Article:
Thursday, December 15, 2011

Self-Improvement III

Scott Bradley

In the previous post I proposed the direct action of a meditative method for doing an end-run around the egoic-self. But this might also be complemented by another, less dramatic approach.

This second course of action is more Confucian in nature. One cultivates oneself to no-self. Through introspection, knowing oneself, one discovers and exposes the workings of the egoic-self and, in doing so, realizes both intellectually and practically another way of being. Even some Zen masters advocate such an endeavor, telling us to 'step back', discover what makes us tick, and by these acts of self discovery get faint glimpses of the other shore. The actual leap to that shore may be sudden and non-causal, but somehow tiny, incremental approximations seem to make a difference in terms of personal growth and preparation for such a leap.

Although this course seems even more susceptible to the co-option of self, I don't think that is necessarily the case. Indeed, since it is much more concerned with discovering the wiles of self, it may actually be more able to keep it in the light. We tend to have an all-or-nothing, black or white, attitude to self versus no-self. We are either the one or the other. And though, like the concept of ‘enlightenment’, this may ultimately be the case, I think we must also allow for the paradoxical, irreducible nature of life which never resolves to easy formulas. Even if we assume that all we do is permeated through and through with the motivations of self, the act of shining a light on it is itself a form of transcendence.

To be aware of our folly and to laugh at it, is a quantum leap beyond being entirely unaware of it. Similarly, to hurt someone and regret it is evidence of a greater sense of self-awareness than to be oblivious and altogether unrepentant. It is this self-awareness that facilitates the dialectic in which growth takes place.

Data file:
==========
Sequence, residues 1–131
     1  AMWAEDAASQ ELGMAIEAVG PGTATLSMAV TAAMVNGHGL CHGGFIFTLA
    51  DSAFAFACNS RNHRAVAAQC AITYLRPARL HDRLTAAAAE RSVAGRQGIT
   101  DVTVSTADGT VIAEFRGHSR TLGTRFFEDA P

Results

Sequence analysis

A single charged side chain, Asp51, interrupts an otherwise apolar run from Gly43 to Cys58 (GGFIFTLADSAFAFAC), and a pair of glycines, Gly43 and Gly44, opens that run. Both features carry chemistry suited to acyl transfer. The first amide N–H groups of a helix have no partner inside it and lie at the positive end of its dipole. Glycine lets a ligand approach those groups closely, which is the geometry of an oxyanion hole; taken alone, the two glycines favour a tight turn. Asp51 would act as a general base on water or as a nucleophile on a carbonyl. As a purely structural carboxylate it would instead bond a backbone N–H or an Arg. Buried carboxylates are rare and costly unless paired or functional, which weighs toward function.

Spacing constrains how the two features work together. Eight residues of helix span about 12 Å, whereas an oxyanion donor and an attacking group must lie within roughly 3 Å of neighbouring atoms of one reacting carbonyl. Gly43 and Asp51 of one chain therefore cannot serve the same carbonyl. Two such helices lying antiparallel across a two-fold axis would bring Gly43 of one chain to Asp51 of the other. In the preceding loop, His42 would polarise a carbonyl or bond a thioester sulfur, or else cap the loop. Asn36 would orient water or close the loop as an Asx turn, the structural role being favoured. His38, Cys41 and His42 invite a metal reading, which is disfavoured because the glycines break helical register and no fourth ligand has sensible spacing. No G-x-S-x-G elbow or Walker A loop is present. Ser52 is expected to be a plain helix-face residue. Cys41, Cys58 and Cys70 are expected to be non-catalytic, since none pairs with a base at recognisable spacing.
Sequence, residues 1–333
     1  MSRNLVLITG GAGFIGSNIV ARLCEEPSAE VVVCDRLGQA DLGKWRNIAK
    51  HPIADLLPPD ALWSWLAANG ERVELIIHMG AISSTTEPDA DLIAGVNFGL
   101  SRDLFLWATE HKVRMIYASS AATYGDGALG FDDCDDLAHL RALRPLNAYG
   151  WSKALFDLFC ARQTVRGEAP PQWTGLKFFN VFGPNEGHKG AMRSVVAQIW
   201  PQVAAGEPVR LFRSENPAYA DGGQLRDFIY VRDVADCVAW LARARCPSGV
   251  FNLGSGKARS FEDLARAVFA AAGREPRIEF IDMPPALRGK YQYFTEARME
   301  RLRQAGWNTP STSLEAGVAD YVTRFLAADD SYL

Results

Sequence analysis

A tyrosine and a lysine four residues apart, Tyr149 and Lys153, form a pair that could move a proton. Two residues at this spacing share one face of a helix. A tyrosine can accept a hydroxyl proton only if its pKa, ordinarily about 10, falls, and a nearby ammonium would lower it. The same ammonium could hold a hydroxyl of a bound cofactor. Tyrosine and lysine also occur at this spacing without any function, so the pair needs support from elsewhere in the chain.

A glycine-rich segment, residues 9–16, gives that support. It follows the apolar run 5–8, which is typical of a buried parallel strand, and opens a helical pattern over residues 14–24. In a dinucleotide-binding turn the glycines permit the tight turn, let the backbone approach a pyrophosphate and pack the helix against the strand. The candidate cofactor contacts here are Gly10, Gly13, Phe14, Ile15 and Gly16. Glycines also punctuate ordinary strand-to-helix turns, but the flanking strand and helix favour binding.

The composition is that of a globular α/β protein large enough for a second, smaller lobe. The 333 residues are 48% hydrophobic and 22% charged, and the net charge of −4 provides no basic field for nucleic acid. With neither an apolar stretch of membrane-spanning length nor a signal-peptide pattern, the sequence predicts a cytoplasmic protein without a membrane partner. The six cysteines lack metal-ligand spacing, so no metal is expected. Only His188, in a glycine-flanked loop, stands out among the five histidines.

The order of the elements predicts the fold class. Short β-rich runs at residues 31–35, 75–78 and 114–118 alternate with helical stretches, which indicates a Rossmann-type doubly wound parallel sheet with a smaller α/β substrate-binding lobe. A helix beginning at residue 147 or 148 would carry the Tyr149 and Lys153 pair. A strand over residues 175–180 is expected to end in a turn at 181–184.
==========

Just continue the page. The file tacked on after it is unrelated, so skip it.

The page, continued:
My project of self-improvement-through no-self, therefore, attempts to follow these twin courses — the work of meditatively discovering and becoming what in me is the true self, no-self, and of cultivating an understanding of the self that I behaviorally am and dialectically growing thereby.

You can check out Scott's other miscellaneous writings here.


  1. "We tend to have an all-or-nothing, black or white, attitude to self versus no-self. We are either the one or the other."

    I suppose --yes, I do-- that we are both, not either/or. Like yin/yang, in a particular Chinese way one is 50 percent self, 50 percent no-self. While I am alive, living in this body with the sensory apparatus that lets me perceive the material world, I have a kind of self; when I am dead, goodbye to that self, hello to something different. I think the practices --should one choose to do them--are to prepare us for that eventuality.

  2. The words no-self, for me, seem somewhat misleading to my experiences in life. I use these words to reference a direction a person's life can move towards but not necessarily a determined target that needs to be attained. I do resonate with your two-way approach Scott.


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